**If you are taking part in yield farming, you might have already heard of APY or APR. They are used in many yield farming programs in DeFi protocols. In order to truly understand this market, you need to dig into basic terms such as APY coin.**

In this article, we’ll make the explanation of APY simple and show you how to calculate it in your yield farming. Be patient and read this post to the end as it is not only important, but also gives information that helps you to invest more effectively.

**What Is Annual Percentage Yield (APY)?**

If you want to understand APY, it is necessary to learn the difference between simple interest and compound interest first.

**Simple Interest Vs. Compound Interest**

Simple interest is the interest earned only on the original deposit while compounding is the process of adding interest earned every period on both the original investment and the reinvested earnings (herein the interest earned from the previous period).

To better illustrate these concepts, we’ll provide an example:

You have 100 dollars and you lend it to someone at an interest rate of 10 percent annually in January 2020. In January 2021, you hope to get your money back and receive an amount of interest, which is 10 dollars.

The sum of money you would receive after a year equals:

100 * (1+10%) = $ 110

Now let’s take a look at another scenario. In this case, you also have 100 dollars and you lend it to your friends at an interest rate of 10% annually and the loan compounded semi-annually

In the first 6 months, you would have:

100*(1+5%) = $105

The sum of money you would receive after a year equals

105*(1+5%) = $110.25

So at the end in january 2021 when you get your money back you get 110.25. This 25 cent is the magic of compound interest.

Compounding allows you to produce money over time, which is why it is such a powerful investing tool. This is not the same as simple interest. The term “simple interest” refers to interest earned just on the principal deposit.

**Annual Percentage Yield**

APY – Annual Percentage Yield is the effective annual return, taking into account the effect of compound interest. Unlike simple interest, compound interest is calculated periodically and the amount is immediately added to the balance. With each subsequent period, the account balance gets slightly larger, so the interest paid on the balance is also larger.

The annual percentage yield (APY) is a way of measuring how much money a money market account earns over the course of a year. To put it another way, this is a method for measuring the accumulation of interest over time.

If you are a crypto investor looking to get a return on your investment while holding it, cryptocurrency savings accounts with APY may be precisely what you need. There are a variety of cryptocurrency yield schemes to select from. As a result, before joining up for one, do your research. Fees, entry restrictions, interest-earning procedures, and the types of crypto assets accessible may differ from platform to platform.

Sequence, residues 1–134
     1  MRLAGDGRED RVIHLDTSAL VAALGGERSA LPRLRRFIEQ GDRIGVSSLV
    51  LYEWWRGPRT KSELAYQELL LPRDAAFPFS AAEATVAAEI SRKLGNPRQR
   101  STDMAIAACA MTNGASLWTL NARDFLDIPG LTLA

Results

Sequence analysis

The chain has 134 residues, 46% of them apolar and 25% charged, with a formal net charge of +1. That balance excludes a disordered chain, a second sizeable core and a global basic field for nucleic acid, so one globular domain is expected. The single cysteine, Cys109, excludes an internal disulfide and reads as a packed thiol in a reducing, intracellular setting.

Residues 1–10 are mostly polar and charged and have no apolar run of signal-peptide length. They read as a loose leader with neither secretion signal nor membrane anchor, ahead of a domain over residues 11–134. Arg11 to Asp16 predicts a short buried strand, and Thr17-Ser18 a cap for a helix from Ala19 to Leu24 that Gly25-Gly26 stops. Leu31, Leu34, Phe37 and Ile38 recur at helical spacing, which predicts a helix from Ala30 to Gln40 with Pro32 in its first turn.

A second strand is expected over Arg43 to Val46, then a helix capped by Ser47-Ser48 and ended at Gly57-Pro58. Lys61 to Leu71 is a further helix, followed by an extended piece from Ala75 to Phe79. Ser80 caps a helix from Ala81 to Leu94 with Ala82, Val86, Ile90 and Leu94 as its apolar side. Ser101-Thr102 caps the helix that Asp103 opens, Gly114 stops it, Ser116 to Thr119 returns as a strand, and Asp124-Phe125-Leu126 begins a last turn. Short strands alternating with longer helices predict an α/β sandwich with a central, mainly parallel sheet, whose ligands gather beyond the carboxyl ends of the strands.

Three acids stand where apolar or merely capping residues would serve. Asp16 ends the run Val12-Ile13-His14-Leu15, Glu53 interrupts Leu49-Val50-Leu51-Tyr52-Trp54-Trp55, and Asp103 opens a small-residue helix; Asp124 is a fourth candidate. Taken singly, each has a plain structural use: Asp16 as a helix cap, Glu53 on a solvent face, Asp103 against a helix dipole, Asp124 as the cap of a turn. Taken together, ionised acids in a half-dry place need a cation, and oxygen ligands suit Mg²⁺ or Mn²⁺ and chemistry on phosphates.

There are also promotional APYs offered by crypto exchanges, but you should be cautious before investing in them. Some of these programs employ the tactic of first giving higher APYs to attract clients and then lowering the rates after a large pool of customers has been captured. If you come across a yield farming platform or program that offers high APYs, make sure to examine its community trustworthiness.

**How To Calculate APY?**

For you to understand better, I will explain more clearly the calculation of APY as follows:

APY = (1 + r/n)^n – 1

In which:

– r is the periodic rate of return (referred to as the annual APR).

– n is the number of years of compounding

For example, I will calculate with r rate of 55.44%, then I will have a calculation: APY = (1+ 55.44%/365)^365 – 1= 74.02%.

**Difference Between APR And APY**

When it comes to APR in the context of savings, it means a recurring rate. For example, if you save $1,000 in your account with an APR of 10% and that interest is calculated once a year, you will receive $100 interest after 1 year.

And APY will be based on the effect of compound interest. If you still use the example above, you have $1,000 with an APY of 10% and that interest is paid twice a year. For the first 6 months you get 50 USD (1000 * 10% / 2).

However, in the last 6 months of the year, you will add 50 USD in the money received in the first 6 months. At this point, the amount you receive will be 52 USD (1050 * 10% / 2).

APR is usually charged on credit card loans, this is the interest rate charged on the outstanding balance of the credit card that the person has not paid. Meanwhile, APY will apply to the case of businesses coming to deposit money at banks. Banks often use APY to attract customers to deposit money.

Usually banks will keep secret the difference between APR and APY. However, if you take a look at the above example, you can see that the higher the annual interest rate, the bigger the difference between APR and APY.

The difference between APR and APY can have a significant impact on the financial decisions of borrowers and investors. In summary, banks often emphasize APY to attract investors in savings accounts and show how high interest rates are. While you are applying for a credit card or loan, they will insist on the APR to show you the actual cost to be paid.

**Conclusion**

It’s easy to understand why many yield farmers feel confused about APY. Understanding this fundamental in DeFi will help you manage your investment better since it has a major impact on how much you earn or pay.

We also tell the difference between APY and APR with the hope that you won’t get these two similar concepts mixed up. While APR and APY may seem similar, they are not the same thing. For starters, APY, or annual percentage yield, considers compound interest, but APR, or annual percentage rate, does not.

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